I hope you are doing well :)

When I was practicing, I came upon this question:

On a horizontal frictionless surface there is a Spring with a Spring constant is 50 N/m. Initially, the spring is at its relaxed length and a block is stationary at position x = 0. Then an applied force with a constant magnitude of 3.0 N pulls the block in the positive direction of the x-axis, stretching the spring until the block stops. When that stopping point is reached, what is the position of the block?

The question is similar to to this post: Why equating forces give wrong answer?, except that the question in the other post asked for the maximum displacement, and since the system is dynamic, may not be when the block comes to rest. However, the question in this post directly indicates that the block comes to rest.

I thought that since the block was stationary, the applied force would cancel out with the spring force, leading to zero acceleration, so Fapplied + Fspring = 0 ... so doing that, I got -kx + 3 = 0 and since k = 50, -50x + 3 = 0, so x = 3/50 = 0.06 meters. However, the answer key showed that the Work cancels out, meaning Wapplied + Wspring = 0, and got x = 0.12 meters. I would like to know why the Forces don't cancel out, in this scenario, if the block is literally at rest? It would be awesome if someone could help clear my doubt, at your convenience. Thanks, and have a great day!

  • $\begingroup$ How did calculate $W_{applied} + W_{spring} = 0$? $\endgroup$
    – Gert
    Commented Jan 15, 2021 at 22:11
  • $\begingroup$ The question is very poorly worded. $\endgroup$ Commented Jan 16, 2021 at 0:57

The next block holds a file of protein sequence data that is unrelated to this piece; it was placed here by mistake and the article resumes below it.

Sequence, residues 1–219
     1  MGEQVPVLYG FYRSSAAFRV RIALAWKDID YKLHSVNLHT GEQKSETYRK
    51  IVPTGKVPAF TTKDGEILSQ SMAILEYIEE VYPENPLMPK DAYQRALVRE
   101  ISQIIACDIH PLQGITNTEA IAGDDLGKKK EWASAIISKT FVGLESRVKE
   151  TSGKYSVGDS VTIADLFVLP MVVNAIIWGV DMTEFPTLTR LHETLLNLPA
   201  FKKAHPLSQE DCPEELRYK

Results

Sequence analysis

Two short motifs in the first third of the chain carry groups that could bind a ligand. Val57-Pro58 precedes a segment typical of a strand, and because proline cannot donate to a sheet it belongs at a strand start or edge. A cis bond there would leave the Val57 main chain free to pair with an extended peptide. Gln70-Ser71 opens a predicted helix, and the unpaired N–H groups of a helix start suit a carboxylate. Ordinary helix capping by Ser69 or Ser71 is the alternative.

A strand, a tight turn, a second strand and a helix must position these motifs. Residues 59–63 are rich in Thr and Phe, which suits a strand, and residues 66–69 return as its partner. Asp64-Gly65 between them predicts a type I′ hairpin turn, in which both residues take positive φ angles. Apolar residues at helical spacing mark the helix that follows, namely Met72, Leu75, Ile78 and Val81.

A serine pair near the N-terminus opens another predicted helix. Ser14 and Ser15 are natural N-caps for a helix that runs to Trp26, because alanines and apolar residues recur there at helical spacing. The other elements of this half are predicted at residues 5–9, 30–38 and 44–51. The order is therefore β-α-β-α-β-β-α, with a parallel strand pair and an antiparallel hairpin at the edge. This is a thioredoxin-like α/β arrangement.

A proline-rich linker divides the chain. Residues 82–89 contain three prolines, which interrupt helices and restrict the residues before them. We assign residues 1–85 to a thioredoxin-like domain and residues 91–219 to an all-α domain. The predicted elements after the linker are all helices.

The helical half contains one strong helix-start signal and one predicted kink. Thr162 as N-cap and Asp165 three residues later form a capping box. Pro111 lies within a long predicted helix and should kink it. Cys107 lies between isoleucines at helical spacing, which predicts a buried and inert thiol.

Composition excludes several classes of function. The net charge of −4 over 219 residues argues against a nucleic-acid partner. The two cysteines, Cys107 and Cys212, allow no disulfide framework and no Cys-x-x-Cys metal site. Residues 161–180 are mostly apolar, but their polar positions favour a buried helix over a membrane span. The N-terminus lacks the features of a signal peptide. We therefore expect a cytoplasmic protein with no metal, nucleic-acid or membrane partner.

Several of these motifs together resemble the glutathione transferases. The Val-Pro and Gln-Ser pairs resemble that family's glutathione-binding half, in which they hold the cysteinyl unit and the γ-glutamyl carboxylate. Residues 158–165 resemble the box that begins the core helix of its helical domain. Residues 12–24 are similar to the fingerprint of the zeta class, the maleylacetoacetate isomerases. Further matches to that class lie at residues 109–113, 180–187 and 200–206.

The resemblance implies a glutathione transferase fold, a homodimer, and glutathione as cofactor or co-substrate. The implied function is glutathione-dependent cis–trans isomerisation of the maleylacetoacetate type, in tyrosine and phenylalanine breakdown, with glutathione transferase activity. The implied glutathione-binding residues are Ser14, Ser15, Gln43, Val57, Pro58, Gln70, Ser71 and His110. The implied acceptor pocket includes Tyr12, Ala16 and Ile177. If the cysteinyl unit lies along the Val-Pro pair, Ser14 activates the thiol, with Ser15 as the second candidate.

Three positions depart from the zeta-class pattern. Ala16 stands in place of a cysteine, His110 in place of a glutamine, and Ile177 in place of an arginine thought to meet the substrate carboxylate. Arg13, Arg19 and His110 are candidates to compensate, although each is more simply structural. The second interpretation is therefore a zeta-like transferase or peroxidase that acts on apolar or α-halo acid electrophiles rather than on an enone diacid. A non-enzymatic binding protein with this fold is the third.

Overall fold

• $\begingroup$ Hi! Because the block is initially stationary (at x = 0), and the question indicates that the block becomes stationary again, this means that, at that point, Wapplied + Wspring = 0. The question asks what the block's position is when the block is stationary for the 2nd time, meaning when Wapplied + Wspring = 0. Thanks! $\endgroup$ Commented Jan 16, 2021 at 17:16

1 Answer 1


The equation of motion is $m \ddot x = F - kx$ where $m$ is mass, x is the extension of the spring from its relaxed position and $F$ is the applied force. Starting from rest at $x = 0$, the solution is $x(t) = {{F(1 - cos( {\sqrt{k \over m}})t)} \over k}$. This is oscillatory motion. $x(t)$ is maximum at each t where $ {\sqrt{k \over m}t} = n \pi$; that is, for every $t = {\sqrt{m \over k}n \pi}$ where n is an odd integer 1, 3,5 ... At each of these times $x = {{2F \over k}} = {6 \over {50}} = 0.12$. The maximum extension is not when the applied force and the spring restoring force are equal, because the mass is moving and has inertia. Notice how much simpler the solution is using energy instead of the equation of motion; however, both approaches yield the same results.

  • $\begingroup$ Hi, thanks so much for your answer!! I have a small doubt, though. The question asked what the block's position was when the block is at rest, so would that necessarily mean that x(t) is at maximum? Because since the block is at rest, wouldn't the acceleration of the block be zero, meaning that the Spring Force cancels with the applied force? Thanks so much! $\endgroup$ Commented Jan 16, 2021 at 17:13
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    $\begingroup$ Starting from rest F > kx until x where F = kx; during this time F - kx is accelerating m so when F = kx m has velocity still stretching spring. Then kx exceeds F and de-celerates m until velocity is zero which occurs at maximum x. $\endgroup$
    – John Darby
    Commented Jan 16, 2021 at 20:43
  • $\begingroup$ Hi, that makes sense, thanks so much! So for any general case where Fnet = 0, is there a way to tell whether an object is stationary or has a nonzero velocity only based on knowing the magnitude of the Forces acting on it? Thanks! $\endgroup$ Commented Jan 17, 2021 at 21:17
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    $\begingroup$ If Fnet = 0 the object has constant velocity which can be zero velocity. You need more information to know the velocity. $\endgroup$
    – John Darby
    Commented Jan 17, 2021 at 22:07
  • $\begingroup$ Thanks so much! This was very helpful :) $\endgroup$ Commented Jan 18, 2021 at 23:18

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